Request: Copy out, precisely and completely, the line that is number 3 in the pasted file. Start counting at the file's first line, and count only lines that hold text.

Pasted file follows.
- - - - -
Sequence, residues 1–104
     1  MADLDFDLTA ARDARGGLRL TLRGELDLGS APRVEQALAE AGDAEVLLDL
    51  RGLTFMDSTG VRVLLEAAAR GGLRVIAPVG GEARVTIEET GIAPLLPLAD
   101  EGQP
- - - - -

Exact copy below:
    51  RGLTFMDSTG VRVLLEAAAR GGLRVIAPVG GEARVTIEET GIAPLLPLAD